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Poverty, health and chocolate: Do-gooder central

Updated, 2:30pm

KPLU-Humanosphere’s event Tuesday night at Seattle Town Hall — Can Seattle Save the World? — was clearly a huge hit, drawing in an estimated 700 people, despite our best efforts to confuse you.

Yes, the title was a bit goofy. We intended it so. And yes, I know the ticket sale thing got a bit hectic in between moving venues, but it was a test to see how much you cared.

Obviously, you care a great deal. Global health, global poverty and social justice are hot topics in this community, which I dubbed off-the-top-of-my-head “do-gooder central” at the event.

Here are a few moments from last night that stood out.

We all “tolerate poverty” — because our lives are subsidized by the suffering of others, said Bill Foege (paraphrasing MLK). That is, poverty makes our middle-class lifestyles possible, by keeping the prices cheap on so many products.

“I’d like to see half of all development money go to educating consumers,” about the choices we make, said Joe Whinney. Having consumers be educated will have more impact than any amount of philanthropy.

“It’s the most unproductive debate in global health,” said Chris Elias, referring to the debate over whether we should invest in technologies vs. strengthening local health systems. (“You need to do both,” he said. Design your technology to fit into real-world systems.)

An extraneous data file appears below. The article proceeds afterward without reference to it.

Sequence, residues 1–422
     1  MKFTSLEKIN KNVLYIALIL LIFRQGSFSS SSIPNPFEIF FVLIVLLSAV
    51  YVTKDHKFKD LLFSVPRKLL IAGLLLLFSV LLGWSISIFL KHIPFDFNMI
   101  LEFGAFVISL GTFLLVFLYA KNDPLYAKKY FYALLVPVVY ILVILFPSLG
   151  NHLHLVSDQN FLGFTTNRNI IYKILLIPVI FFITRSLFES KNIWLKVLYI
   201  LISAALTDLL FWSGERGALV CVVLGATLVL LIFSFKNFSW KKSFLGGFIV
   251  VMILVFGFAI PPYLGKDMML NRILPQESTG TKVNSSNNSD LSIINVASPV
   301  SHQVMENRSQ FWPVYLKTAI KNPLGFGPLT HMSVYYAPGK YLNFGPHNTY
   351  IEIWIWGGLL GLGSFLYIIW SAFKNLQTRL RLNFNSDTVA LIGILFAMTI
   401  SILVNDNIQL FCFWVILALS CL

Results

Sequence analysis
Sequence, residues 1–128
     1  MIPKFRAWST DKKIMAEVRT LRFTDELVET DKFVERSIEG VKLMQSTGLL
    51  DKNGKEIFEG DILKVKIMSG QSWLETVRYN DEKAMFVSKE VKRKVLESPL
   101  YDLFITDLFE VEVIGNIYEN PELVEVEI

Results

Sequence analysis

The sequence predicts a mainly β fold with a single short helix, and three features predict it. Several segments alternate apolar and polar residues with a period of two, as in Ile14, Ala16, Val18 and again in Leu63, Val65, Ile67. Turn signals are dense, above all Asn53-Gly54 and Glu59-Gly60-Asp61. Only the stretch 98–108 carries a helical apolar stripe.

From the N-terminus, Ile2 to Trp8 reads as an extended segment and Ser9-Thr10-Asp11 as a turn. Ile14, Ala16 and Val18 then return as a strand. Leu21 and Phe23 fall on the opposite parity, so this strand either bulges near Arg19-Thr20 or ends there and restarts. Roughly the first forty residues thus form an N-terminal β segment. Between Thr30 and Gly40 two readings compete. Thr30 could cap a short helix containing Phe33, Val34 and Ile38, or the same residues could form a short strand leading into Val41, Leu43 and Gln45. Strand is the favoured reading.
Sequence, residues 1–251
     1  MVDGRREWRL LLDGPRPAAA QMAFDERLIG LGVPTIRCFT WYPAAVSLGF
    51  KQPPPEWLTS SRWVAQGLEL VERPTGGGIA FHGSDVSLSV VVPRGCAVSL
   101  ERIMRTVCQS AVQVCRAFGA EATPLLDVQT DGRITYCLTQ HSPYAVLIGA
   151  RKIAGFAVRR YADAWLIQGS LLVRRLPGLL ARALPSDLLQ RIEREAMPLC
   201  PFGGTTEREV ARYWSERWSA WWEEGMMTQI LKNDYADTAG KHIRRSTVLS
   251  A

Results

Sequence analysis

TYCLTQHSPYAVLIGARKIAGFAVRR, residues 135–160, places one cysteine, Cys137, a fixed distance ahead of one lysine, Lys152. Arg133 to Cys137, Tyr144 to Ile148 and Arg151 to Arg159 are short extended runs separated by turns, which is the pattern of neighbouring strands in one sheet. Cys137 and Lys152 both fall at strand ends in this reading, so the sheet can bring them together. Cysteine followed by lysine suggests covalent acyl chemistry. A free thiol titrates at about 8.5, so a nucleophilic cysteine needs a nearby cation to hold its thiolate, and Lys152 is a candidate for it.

Some people in the 20th century thought DDT was a “magic bullet” against malaria, even though it took a systems approach to wipe it out in the U.S., and now the discussion in Seattle seems to be centered on looking for new magic bullets, said Wendy Johnson. Whatever new technologies we develop, they should be equitably distributed.

But I’d rather get your thoughts, impressions and reactions. By the end of the evening, the conversation took on a life of its own, through the audience’s (excellent) questions. Judging by the line at the microphones, there’s still a lot left to be said. What about that whole thread on young people and jobs?

So please chime in using the comments below (and/or check out the Twitter stream at #SEAsaves).

We need to continue this discussion!


About Author

Tom Paulson

Tom Paulson is founder and lead journalist at Humanosphere. Prior to operating this online news site, he reported on science,  medicine, health policy, aid and development for the Seattle Post-Intelligencer. Contact him at tom[at] or follow him on Twitter @tompaulson.